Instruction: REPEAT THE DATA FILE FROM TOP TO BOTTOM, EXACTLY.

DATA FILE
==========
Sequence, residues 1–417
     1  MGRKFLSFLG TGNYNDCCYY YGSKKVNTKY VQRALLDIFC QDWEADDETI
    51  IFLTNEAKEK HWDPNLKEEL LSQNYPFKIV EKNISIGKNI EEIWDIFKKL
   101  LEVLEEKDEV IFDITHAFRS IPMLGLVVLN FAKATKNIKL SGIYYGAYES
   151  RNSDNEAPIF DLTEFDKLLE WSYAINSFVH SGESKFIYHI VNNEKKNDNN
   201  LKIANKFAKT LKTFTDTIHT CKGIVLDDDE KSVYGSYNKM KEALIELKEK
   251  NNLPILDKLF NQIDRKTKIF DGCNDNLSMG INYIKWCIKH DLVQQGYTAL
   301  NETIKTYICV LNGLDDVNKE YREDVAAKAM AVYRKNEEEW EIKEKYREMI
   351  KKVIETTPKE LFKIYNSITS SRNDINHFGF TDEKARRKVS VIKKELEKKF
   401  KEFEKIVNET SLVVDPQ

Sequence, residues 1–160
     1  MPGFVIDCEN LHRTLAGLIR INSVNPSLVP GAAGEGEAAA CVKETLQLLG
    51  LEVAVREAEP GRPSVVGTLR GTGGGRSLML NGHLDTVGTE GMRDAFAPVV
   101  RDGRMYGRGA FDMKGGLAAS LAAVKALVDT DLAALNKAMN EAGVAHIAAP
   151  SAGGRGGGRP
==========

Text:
Sequence, residues 1–417
     1  MGRKFLSFLG TGNYNDCCYY YGSKKVNTKY VQRALLDIFC QDWEADDETI
    51  IFLTNEAKEK HWDPNLKEEL LSQNYPFKIV EKNISIGKNI EEIWDIFKKL
   101  LEVLEEKDEV IFDITHAFRS IPMLGLVVLN FAKATKNIKL SGIYYGAYES
   151  RNSDNEAPIF DLTEFDKLLE WSYAINSFVH SGESKFIYHI VNNEKKNDNN
   201  LKIANKFAKT LKTFTDTIHT CKGIVLDDDE KSVYGSYNKM KEALIELKEK
   251  NNLPILDKLF NQIDRKTKIF DGCNDNLSMG INYIKWCIKH DLVQQGYTAL
   301  NETIKTYICV LNGLDDVNKE YREDVAAKAM AVYRKNEEEW EIKEKYREMI
   351  KKVIETTPKE LFKIYNSITS SRNDINHFGF TDEKARRKVS VIKKELEKKF
   401  KEFEKIVNET SLVVDPQ

Sequence, residues 1–160
     1  MPGFVIDCEN LHRTLAGLIR INSVNPSLVP GAAGEGEAAA CVKETLQLLG
    51  LEVAVREAEP GRPSVVGTLR GTGGGRSLML NGHLDTVGTE GMRDAFAPVV
   101  RDGRMYGRGA FDMKGGLAAS LAAVKALVDT DLAALNKAMN EAGVAHIAAP
   151  SAGGRGGGRP